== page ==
In traditional cultures worldwide, ancestor veneration has existed in various forms throughout human history. Many ancient cultures developed an entire cosmology around relationship with their ancestors. In some 200,000 years of human evolution, it is only in relatively recent history that ancestor veneration has been less widespread, particularly so in contemporary Western culture. However, I find that the human drive to remain connected to our ancestors has simply evolved to take a new form. Modern developments in science and technology have opened a path to connecting with the ancestors for contemporary humans who are deeply skeptical of the non-material and the ‘unscientific.’
The Internet has made it possible for anyone with access to a computer to research geneology and piece together their family tree. Databases like Ancestry.com provide a platform to search and collect ancestral data, connecting millions of people worldwide. Since 2012 this site alone has grown to host over 4 million users, comprising 90 million family trees from over 80 countries worldwide.
In addition, breakthroughs in the scientific discovery of genetics and epigenetics have given us new ways of thinking about our ancestry. The study of genetics only began a mere 100 years ago, with the discoveries culminating in the end of the 20th century with the Human Genome Project. Completed in 2003, researchers succeeded in mapping the entire human genetic sequence, and were surprised by the relatively few number of genes (about 30,000) having great similarity to much simpler organisms like the fruit-fly. Prior to this discovery, the ‘Primacy of DNA’ concept held that genes were destiny. Following on the heels of genetics, the field of epigenetics is only a couple of decades old but has already settled the debate for once and for all: human development is caused by both nature AND nurture. Epigenetic science unveiled mechanisms for how our genes interact with the environment to determine expression.
The field of epigenetics has opened up new understanding of disease risk as being modifiable through lifestyle and the environment. We now understand how information can be passed genetically from one generation to the next without altering DNA, by turning gene expression ‘on’ or ‘off.’ These days, anyone can go online and order their own genetic test through 23andme or Genes for Good, and this data can be interpreted through websites such as Promethease and Genetic Genie to produce epigenetic reports. This information can be used to create an individualized plan of risk-reduction, since epigenetic expression can be modified through nutrition, lifestyle, stress management, and various holistic healing modalities. In my clinical practice I work with these tests and interpretations which can have great impact on patients' health.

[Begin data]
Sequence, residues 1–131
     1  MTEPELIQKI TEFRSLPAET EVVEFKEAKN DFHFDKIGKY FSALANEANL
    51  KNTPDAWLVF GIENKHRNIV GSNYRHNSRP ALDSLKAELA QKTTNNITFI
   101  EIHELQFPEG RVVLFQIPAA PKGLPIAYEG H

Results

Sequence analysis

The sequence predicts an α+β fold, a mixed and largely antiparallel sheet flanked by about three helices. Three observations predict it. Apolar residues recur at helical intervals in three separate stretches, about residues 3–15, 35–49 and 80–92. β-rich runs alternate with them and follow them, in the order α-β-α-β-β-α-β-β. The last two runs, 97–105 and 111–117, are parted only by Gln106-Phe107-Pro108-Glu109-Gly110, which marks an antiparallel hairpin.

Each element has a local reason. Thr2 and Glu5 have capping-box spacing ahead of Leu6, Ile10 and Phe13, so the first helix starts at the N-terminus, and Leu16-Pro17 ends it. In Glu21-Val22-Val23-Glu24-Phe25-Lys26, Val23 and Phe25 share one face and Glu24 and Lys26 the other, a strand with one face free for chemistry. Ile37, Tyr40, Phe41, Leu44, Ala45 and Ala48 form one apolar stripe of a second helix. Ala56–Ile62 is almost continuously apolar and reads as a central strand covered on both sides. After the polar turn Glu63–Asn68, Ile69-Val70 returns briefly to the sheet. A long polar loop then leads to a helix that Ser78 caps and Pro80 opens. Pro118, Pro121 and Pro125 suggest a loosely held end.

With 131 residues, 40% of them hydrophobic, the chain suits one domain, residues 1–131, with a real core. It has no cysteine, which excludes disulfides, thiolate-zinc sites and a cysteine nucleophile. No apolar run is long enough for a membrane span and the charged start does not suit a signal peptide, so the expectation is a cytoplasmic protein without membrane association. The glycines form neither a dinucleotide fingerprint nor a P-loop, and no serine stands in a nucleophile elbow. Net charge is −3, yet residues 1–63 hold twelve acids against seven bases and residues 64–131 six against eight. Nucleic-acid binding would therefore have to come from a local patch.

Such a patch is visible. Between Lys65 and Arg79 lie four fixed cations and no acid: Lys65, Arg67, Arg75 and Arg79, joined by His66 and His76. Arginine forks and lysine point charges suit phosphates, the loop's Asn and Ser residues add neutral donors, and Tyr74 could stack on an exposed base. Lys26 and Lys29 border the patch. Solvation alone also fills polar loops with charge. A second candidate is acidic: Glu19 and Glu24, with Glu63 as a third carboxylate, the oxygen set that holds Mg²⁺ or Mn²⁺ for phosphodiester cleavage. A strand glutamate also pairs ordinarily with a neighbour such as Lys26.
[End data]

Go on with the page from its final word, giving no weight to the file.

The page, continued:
Much of the original human research in the field of epigenetics has focused on the inheritance of generational trauma. Scientists worked with the descendants of Holocaust survivors, and the offspring of survivors of the Dutch famine. They discovered changes in genetic expression which occurred as the result of trauma experienced generations before. In our current sociopolitical context of the West, and specifically the United States, there is a profound legacy of intergenerational trauma and wounding from native genocide, slavery and colonialism that informs contemporary systems of oppression. In our current shifting political climate, the surfacing of these wounds - which have always existed, but remained marginal in dominant culture - invites an opportunity for examination, reparations, amends, and healing.
Regardless of one’s religion, spiritual tradition, or lack thereof, there are many accessible ways to reconnect with ancestors. I believe there to be several benefits to this, including:
Improving our relationship to our origins, which alleviates internal conflict/conflicting commitments/resentments that we carry in our bodies. This can be manifest in a multitude of ways, including genetic history of both colonialism and the oppressed within one’s lineage.
Improving our physical, mental, emotional and spiritual health and that of our future lineage. I firmly believe that self-care is absolutely essential to be part of the solution to planetary healing at this time.
Invite healing to our lineage for past, present and future generations.
In his book Ritual: Power, Healing and Community, Malidoma Somé wrote that throwing away one’s culture is an insult to the dead that can lead to unresolved ills, including what he calls ‘starvation of the soul.’ To restore ourselves, we must slow down, face our fears, and remember how to perform ritual for personal, community and ancestral healing.
To that end, I am excited to be offering the following upcoming workshops on epigenetics and ancestral healing with my friend and colleague D.K. Brainard - see events details below. In addition I'm offering a 20% discount on Epigenetic and Ancestral Healing consultations (in-person or remote). Click here for information and use code ANCESTORS at check out.